Armchair Product Designer – Would You Collect Your Favorite Team by Subscription?

What if I told you there might be a way to bring back Topps Total (or something like it)?

Bark Box

Over the past year or so, there seems to have been a boom in subscription-based collectible products. Loot Crate has become huge. And if they're not, they're spent a lot of money on marketing and product acquisition to look big. In recent months, my Facebook feed has thrown adds for similar services ranging from comics to fair trade snacks and doilies to warm thoughts all shipped monthly in a box. Naturally, it got me thinking what if there was a sports card subscription service.

There are a couple that do sports-specific boxes, but these are collections of packs. It's a fun concept, especially if you don't have a nearby shop, but I'm looking for stuff from a major manufacturer, similar to how Loot Crate gets variant cover comics and Funko Pop vinyl figures.

The idea I have for a sports card subscription service is ambitious, but I think it's doable. It can be easily adapted to any sport. What if I told you I may have figured out a way to bring back Topps Total in a way that's financially feasible for both the collector and the card maker?

In a nutshell, it's a monthly team set that expands and evolves each month throughout the year.

With so many products and deep checklists today, it's become hard for team and player collectors to chase everything even from one product. Also, most sets don't go deep into team rosters. My idea fixes both of these issues.

Each month, subscribers would get a handful of cards from their chosen team. I'm thinking no more than five. That's a small mailday, but if you spread it over a year, that's a nice 60-card team set. That's enough to cover the main roster, some rookie call-ups, any trades and even a few highlights or surprises. To cap things off, to promote annual subscriptions, those that get the entire year's worth of cards could get a bonus autograph. It's the dream team set. A full set of all teams might have almost 2,000 cards by the time the year is done.

Another benefit of keeping the monthly shipment small is that it makes it more affordable. If it were done with a standard card stock, I think $5 would be fair. Given postage rates, this may have to go a little higher. But keeping it reasonable is key, especially when it's a monthly fee.

The lower price point is also important because you might have some chase a complete set that includes 30+ teams. Now $150 is quite a bit, but when there are several products that cost that much per box that come out every month, it's still fair given the overall scope at the end.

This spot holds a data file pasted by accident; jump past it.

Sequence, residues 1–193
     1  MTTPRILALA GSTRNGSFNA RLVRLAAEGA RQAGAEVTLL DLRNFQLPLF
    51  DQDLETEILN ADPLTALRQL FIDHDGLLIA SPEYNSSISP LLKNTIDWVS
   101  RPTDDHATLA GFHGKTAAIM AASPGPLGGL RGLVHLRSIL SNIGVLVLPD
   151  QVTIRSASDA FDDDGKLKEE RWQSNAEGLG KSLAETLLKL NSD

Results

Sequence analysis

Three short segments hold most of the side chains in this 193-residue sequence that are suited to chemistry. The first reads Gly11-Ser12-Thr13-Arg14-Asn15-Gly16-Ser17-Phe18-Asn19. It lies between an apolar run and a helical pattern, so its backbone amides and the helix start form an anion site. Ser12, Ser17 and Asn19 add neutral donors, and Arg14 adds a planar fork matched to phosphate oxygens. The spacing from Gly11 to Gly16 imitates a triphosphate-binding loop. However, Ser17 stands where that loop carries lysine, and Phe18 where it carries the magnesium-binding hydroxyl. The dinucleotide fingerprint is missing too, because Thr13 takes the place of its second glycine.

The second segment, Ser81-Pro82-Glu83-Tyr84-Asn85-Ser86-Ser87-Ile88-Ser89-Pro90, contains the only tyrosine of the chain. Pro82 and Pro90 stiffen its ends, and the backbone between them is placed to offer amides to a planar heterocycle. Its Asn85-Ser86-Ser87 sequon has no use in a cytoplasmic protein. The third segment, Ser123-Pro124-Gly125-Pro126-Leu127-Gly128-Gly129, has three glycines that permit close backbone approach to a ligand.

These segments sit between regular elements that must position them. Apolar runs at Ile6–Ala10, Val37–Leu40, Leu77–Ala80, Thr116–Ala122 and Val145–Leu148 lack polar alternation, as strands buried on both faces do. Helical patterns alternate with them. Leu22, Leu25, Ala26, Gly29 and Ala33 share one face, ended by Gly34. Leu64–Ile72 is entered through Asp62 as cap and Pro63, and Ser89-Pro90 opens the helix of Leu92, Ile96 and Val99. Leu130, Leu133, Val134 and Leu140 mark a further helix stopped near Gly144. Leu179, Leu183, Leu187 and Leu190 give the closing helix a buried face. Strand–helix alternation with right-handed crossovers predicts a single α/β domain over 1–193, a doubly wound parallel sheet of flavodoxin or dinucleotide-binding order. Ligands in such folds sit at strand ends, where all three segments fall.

mailboxOne of the draws of this subscription set is its exclusive nature. To that end, it would need its own design and not just be a parallel. It needs an identity to feel special. You want collectors to be excited when they open their mailbox and find a package of cards waiting for them that they know right away won't be found anywhere else.

Card collectors can be a dedicated bunch. If they come across the subscription set a month or two too late, they may not want to bother at all. If this were the case, the number of subscribers might peak at the beginning rather than grow. And that's neither a good thing nor financially viable. This might be where parallels come in. There could be one randomly inserted First Day Issue-type card or colorful parallel that's only available with the initial shipments. However, the main set could be bought through the end of the year.

So there you have it -- an ongoing team set that grows each month. Installments are about the price of an average pack of cards and at the end of the year, you've got something that's comprehensive, timely and has an air of exclusivity to it.

I'm not an expert in licensing so I don't know if any of the card companies would want to tackle something like this. Under current deals, it might not even be possible. That being said, I think it's something this armchair product designer thinks has some potential and is worth considering.

What do you think? Would you subscribe to a monthly set of your favorite team? How would you like to see it work?

2 COMMENTS

  1. Very well thought out. I like it. I think to be feasible on the manufacturer end the price point would need to be higher though. Part of the reason Topps orders are due so for in advance is print runs. They try to produce so that nothing is left sitting in their facility. The exclusivity nature and your idea of being able to buy any month during the first year throws off their tightly crafted printing equation. Based on that I see a price point of $9.99 -$12.99 being necessary to be profitable. Still within reason though.

  2. If I could get it exclusively for my favorite team, I’d give it a thought. I pretty much do collect only my favorite team and a couple of sets here and there like Topps football (the main set, RIP) and O-Pee-Chee hockey. After that, it’s only my teams.

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